How to Transfer Files with SFTP
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SSH File Transfer Protocol (SFTP) provides a mechanism for transferring, accessing, and managing files more securely compared to earlier protocols. It is a free and open-source utility that is available on all Linux systems. SFTP extends version 2.0 of the Secure Shell (SSH) protocol to provide greater security. This guide provides some background information about SFTP and explains how to use it to transfer files.
What is SFTP
SFTP, sometimes referred to as the Secure File Transfer Protocol, was developed to address serious security concerns surrounding the original FTP protocol. Despite its acronym, it is based on the SSH program and not on the original FTP utility. SFTP is designed from scratch to provide comprehensive file management. This architecture allows SFTP to leverage and access SSH security and authentication features. One advantage of SSH is that all data is encrypted, including the control commands.
SFTP is a file management protocol rather than a pure file transfer utility. It also provides the ability to delete, rename, and move files, and create, list, and delete directories. SFTP requires the use of a secure channel, which it uses to carry out all operations. A number of protocols can provide this channel, but in practice, SSH is almost always used. When the secure channel has authenticated the client, SFTP can be used.
An enhancement over earlier protocols is that files are uploaded along with their basic attributes, such as timestamps. SFTP shares its default port
22 with SSH. This single-port architecture means it is easier to use and secure than other similar protocols. SFTP allows pipelined requests and asynchronous responses and uses binary communications. This is advantageous for security, but makes it difficult to log. Unfortunately, there are occasional compatibility issues between implementations from different vendors.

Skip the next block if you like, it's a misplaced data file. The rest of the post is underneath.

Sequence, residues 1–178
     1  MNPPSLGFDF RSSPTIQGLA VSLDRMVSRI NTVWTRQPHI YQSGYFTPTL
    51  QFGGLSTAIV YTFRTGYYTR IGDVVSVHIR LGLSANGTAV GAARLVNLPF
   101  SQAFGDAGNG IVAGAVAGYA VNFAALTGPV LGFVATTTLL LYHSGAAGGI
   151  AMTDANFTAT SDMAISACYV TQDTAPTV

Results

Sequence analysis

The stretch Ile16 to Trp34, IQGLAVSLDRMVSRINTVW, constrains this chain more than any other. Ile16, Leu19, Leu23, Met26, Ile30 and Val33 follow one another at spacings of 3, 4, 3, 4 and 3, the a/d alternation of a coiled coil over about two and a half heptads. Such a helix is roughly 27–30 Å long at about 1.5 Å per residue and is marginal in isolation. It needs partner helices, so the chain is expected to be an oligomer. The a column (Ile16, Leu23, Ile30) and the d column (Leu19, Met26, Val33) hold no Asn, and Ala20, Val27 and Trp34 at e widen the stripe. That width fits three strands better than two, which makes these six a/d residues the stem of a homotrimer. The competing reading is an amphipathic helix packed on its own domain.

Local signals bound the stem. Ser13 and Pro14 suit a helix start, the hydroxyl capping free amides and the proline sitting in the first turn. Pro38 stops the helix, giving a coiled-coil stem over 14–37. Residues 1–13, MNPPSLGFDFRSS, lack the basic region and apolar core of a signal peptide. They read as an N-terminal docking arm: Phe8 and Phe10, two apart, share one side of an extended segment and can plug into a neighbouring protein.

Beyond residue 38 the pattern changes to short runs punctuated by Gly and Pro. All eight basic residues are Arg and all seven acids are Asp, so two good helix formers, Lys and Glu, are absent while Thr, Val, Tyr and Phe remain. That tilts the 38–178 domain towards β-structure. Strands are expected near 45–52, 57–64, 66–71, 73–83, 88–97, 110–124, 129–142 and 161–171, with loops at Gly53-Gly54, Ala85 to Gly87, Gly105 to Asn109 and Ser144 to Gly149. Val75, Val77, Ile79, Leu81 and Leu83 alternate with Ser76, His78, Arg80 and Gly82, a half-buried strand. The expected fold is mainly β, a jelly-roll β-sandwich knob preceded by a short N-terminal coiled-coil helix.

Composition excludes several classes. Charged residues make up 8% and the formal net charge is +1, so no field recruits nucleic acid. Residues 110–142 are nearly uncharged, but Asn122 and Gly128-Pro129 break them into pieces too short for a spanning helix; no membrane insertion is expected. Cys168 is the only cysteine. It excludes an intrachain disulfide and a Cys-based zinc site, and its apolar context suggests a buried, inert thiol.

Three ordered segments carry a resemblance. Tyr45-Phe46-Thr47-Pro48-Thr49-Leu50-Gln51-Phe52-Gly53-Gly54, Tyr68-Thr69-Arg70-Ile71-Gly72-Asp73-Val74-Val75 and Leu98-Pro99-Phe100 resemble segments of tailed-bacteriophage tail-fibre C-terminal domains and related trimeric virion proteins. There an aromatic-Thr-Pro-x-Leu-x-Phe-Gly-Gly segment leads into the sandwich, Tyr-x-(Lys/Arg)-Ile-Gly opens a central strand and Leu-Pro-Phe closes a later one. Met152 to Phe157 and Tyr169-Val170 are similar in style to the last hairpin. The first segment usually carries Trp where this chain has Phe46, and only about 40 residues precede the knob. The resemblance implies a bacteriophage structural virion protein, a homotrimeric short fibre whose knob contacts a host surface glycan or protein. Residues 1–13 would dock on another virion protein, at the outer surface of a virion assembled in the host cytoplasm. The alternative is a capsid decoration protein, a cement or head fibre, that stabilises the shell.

SFTP should not be confused with the original Simple File Transfer Protocol, which was also abbreviated as SFTP. This older protocol was never widely used and has fallen out of favor.
How Does SFTP Differ From FTPS and SCP
The Secure Copy Protocol (SCP) utility is commonly used for file transfers. However, it lacks the functionality of SFTP. Here is a comparison between the two protocols:
- SFTP provides a wider set of capabilities, including file and directory management commands, while SCP is only used for file transfers. SCP is generally preferred for quickly transferring a single file, while SFTP is better for more complex file management.
- SFTP is considered more system independent than SCP.
- SCP is faster than SFTP, especially over high-latency connections, because it uses a more efficient algorithm. SFTP also spends more time acknowledging packets.
- Both services are widely available on Linux systems, although SCP is more commonly used.
- Both protocols use SSH capabilities, and both are considered quite secure. They both protect data from being intercepted.
- SFTP can resume file transfers that have been paused. SCP does not do this.
- SCP is completely non-interactive, but SFTP provides an interactive option. Third-party GUIs are available for SFTP, but not for SCP.
File Transfer Protocol Secure (FTPS) extends the FTP protocol to integrate Transport Layer Security (TLS) security services. By comparison, SFTP is based on the SSH protocol. So FTPS is not related to SFTP, nor is it compatible with it. The two protocols differ in the following ways:
- While SFTP uses a single port (
22) for all requests, FTPS uses multiple ports. This makes FTPS more difficult to use and secure.
- SFTP uses the authentication methods from SSH. To use FTPS, an SSL certificate is also required. SFTP is considered easier to implement.
- FTPS is somewhat faster because the control and data channels run on two different connections. However, the performance difference is not as significant as the one between SFTP and SCP.
- FTPS services are somewhat more limited or restricted compared to SFTP. Certain file operations are not standardized or secured in FTPS.
- FTPS requires additional commercial or free software packages to be installed, whereas SFTP is installed as part of the SSH package.
- SFTP can use key-based authentication, but FTPS cannot.
- FTPS must be used on devices that lack SSH capabilities, such as cell phones.
- FTPS uses ASCII mode, which can corrupt binary files if the mode is not set correctly.